- North Korea would place a moratorium on its missile-launching activities.
In 2014 Koizumi made another visit to North Korea to reaffirm the Pyongyang Declaration. He was also to collect the promised five abductees. Their arrival in Japan was a major media event.
But Japan’s powerful right wing was not happy. With the Koizumi delegation to Pyongyang in 2002 had been the hawkish deputy chief cabinet secretary Shinzo Abe. Even before his return to Japan he had begun to claim North Korea was holding many more abductees than it had admitted to.
As early as January 2003 the government began to claim it had firm evidence North Korea had in fact abducted 17 Japanese citizens, with another 875 possible abductees to be accounted for.
Tokyo also decided that the five Japanese brought to Japan in 2004 by Koizumi would not be allowed to return to their families in North Korea — a move which Pyongyang saw as a serious breach of the original 2002 agreements.
Tokyo said the families would have to come to Japan.
Tokyo also began to make repeated demands for North Korea to search for other alleged abductees. Pyongyang would dutifully agree to search but claim zero results. (Tokyo found one, dead under a boat near where I live.)
In 2019 North Korea’s new leader Kim Jong-un decided to cancel the declaration his father had signed in 2002.
Meanwhile a new issue had emerged. Tokyo had placed enormous emphasis on the fate of one Megumi Yokota, known to have been abducted from a beach in 1977 at age 13. (She had probably been abducted because she had witnessed another real or attempted abduction.)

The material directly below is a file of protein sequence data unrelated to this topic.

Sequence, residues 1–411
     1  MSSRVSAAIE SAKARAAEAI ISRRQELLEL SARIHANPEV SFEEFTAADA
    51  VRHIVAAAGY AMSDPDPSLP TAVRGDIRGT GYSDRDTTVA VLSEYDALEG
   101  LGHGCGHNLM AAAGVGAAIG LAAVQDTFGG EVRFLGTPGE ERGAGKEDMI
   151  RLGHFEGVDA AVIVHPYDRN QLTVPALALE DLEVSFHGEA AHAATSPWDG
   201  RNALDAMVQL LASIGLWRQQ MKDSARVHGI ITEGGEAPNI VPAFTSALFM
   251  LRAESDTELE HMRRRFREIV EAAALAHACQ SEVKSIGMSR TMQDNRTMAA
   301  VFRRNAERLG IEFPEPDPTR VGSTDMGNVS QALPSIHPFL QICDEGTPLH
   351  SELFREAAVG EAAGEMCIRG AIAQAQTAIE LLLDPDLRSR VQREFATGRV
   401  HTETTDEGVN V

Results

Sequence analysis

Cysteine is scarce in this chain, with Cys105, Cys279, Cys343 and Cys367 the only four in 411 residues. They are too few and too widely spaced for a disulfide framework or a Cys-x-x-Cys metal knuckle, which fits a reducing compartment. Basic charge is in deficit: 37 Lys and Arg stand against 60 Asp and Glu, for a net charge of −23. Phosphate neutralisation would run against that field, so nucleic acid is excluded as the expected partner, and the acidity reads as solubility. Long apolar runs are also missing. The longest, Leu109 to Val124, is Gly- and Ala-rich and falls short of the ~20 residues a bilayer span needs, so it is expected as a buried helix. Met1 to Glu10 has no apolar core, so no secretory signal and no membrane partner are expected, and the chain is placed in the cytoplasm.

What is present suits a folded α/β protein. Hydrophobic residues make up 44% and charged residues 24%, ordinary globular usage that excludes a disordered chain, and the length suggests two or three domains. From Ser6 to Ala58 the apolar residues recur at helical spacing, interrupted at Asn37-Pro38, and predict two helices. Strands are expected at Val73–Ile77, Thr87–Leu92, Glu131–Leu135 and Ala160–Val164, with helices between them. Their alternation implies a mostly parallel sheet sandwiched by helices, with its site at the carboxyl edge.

Pyongyang admitted her abduction and said she had married, had a daughter but had also died. (From other sources it was learned she had been made to marry a Pyongyang apparatchik, and had suicided after a bout of depression.)
As proof of her death North Korea it handed over what it said were the charred bones from her 1994 cremation. Shinzo Abe, now promoted to party secretary-general, declared that a DNA test proved they bones were not hers. There could be no resolution of the abduction issue until Pyongyang ceased its falsehoods. And Tokyo would refuse further testing.
At this point two respected UK scientific magazines, Nature and Science, weighed in saying that DNA tests on charred bones were impossible. (I was told the same, privately, by the head of the government funded Kazusa Academia DNA research centre.) Nature went on fiercely to criticise the use of false scientific data for political purposes.
Undeterred, Tokyo began a strange campaign for Megumi’s return. Films, comic magazines, websites, songs, monuments were created across Japan to commemorate her existence. Delegations were sent abroad to remind us all of the Megumi abduction tragedy and the need to keep the pressure on North Korea.